Post by Philosopherguy » Sat Sep 02, 2017 4:13 pm

Since I see that you are 42 and likely don't require the exams, why bother? Just take lessons and play for the fun of it all! Who cares what level you play at? Just work to play the pieces that you enjoy and keep working to get better to handle more and more pieces that you want to play.

I am not one for the formality of the grade program. The grade program is good when you are young and have no idea of what music to play that is appropriate for your skill level. But as an adult who is just trying to enjoy the guitar, you don't necessarily need to be as rigid. I think I have all the Royal Conservatory books from grades 4 to 8 and I just play pieces out of each as I feel like it, along with a large assortment of other pieces and books that I have gathered over the years. To be honest, I find there are pieces in some of the grade 6 stuff that are harder than the pieces in the grade 8 stuff! So, I am not always sure what they are thinking when putting these things together. Then again, I have always found that each individual person "gets" different things at different speeds. Some people are great in arpeggios, but yet can't do other things as well as someone who is horrible at playing arpeggios. So, its tough to make these graded approaches.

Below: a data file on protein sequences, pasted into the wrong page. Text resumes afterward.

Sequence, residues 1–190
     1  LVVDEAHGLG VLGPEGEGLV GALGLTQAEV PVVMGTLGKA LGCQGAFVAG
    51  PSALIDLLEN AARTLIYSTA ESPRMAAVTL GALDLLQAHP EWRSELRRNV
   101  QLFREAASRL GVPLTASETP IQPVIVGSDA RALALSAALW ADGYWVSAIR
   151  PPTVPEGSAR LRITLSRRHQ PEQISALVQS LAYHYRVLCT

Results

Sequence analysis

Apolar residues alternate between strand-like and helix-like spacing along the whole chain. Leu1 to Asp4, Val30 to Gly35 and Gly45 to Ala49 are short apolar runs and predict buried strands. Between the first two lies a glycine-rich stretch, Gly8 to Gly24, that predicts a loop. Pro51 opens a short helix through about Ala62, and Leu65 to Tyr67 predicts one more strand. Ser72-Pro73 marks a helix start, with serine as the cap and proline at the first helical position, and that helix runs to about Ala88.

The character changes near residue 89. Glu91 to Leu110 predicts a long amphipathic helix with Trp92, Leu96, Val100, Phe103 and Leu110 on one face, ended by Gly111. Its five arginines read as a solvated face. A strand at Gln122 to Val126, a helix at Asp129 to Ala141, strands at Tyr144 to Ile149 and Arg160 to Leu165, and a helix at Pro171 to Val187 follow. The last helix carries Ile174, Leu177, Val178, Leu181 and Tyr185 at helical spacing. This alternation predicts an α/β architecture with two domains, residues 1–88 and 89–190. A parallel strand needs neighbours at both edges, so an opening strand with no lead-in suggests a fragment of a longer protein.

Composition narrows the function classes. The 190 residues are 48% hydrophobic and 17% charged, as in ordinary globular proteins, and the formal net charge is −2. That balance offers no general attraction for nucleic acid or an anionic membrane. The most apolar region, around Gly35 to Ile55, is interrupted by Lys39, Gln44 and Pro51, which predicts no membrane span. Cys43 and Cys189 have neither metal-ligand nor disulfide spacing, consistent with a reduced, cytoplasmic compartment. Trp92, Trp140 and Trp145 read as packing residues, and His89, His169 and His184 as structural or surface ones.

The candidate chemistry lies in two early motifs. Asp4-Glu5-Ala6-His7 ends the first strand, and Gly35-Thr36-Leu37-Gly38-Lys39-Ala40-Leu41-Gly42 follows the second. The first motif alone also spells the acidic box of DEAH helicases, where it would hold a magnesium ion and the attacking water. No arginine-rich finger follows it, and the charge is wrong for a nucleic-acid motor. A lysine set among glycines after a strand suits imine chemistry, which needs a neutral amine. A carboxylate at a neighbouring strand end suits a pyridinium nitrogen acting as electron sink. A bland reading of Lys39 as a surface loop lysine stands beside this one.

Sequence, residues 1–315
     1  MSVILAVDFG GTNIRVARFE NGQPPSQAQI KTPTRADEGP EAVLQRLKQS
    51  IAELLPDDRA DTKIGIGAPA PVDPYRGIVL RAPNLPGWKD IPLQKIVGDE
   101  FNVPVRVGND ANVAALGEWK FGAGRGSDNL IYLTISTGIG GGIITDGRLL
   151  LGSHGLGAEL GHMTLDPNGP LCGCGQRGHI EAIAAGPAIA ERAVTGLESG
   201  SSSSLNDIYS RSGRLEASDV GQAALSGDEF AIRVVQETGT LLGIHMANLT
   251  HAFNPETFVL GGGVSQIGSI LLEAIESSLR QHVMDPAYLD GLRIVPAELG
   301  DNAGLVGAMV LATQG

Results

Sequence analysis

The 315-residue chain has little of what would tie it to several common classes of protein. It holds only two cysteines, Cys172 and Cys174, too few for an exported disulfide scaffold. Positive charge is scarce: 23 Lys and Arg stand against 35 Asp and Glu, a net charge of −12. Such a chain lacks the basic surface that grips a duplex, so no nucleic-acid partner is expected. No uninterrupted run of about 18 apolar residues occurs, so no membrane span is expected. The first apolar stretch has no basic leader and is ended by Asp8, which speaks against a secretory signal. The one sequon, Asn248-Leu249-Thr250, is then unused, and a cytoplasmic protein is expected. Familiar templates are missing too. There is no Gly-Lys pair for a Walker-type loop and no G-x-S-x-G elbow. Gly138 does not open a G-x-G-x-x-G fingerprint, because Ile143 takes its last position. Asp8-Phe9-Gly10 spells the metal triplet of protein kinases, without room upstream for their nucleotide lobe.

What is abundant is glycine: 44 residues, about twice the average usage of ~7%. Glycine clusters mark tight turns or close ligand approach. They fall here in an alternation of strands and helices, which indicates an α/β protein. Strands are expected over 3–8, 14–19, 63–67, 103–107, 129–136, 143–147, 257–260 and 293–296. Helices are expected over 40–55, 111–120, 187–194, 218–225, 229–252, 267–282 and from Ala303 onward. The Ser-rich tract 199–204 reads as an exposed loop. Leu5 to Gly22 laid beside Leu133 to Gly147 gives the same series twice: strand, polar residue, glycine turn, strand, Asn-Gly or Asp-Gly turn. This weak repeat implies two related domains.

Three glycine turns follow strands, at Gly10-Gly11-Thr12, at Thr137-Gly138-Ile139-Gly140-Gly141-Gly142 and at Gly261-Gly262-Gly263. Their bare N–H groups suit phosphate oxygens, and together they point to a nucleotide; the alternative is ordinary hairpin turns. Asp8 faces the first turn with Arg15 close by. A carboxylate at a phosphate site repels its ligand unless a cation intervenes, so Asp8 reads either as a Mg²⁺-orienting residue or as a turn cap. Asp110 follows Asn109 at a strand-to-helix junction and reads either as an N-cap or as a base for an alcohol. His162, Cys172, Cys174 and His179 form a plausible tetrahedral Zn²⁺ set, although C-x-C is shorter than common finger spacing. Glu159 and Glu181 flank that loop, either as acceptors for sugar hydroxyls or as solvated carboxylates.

Anyways, I hope you just stick with the guitar and enjoy it. Don't put so much pressure on yourself!

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Andrew Fryer
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Re: A big No from the examiner in abrsm grade 4

Post by Andrew Fryer » Sat Sep 02, 2017 4:50 pm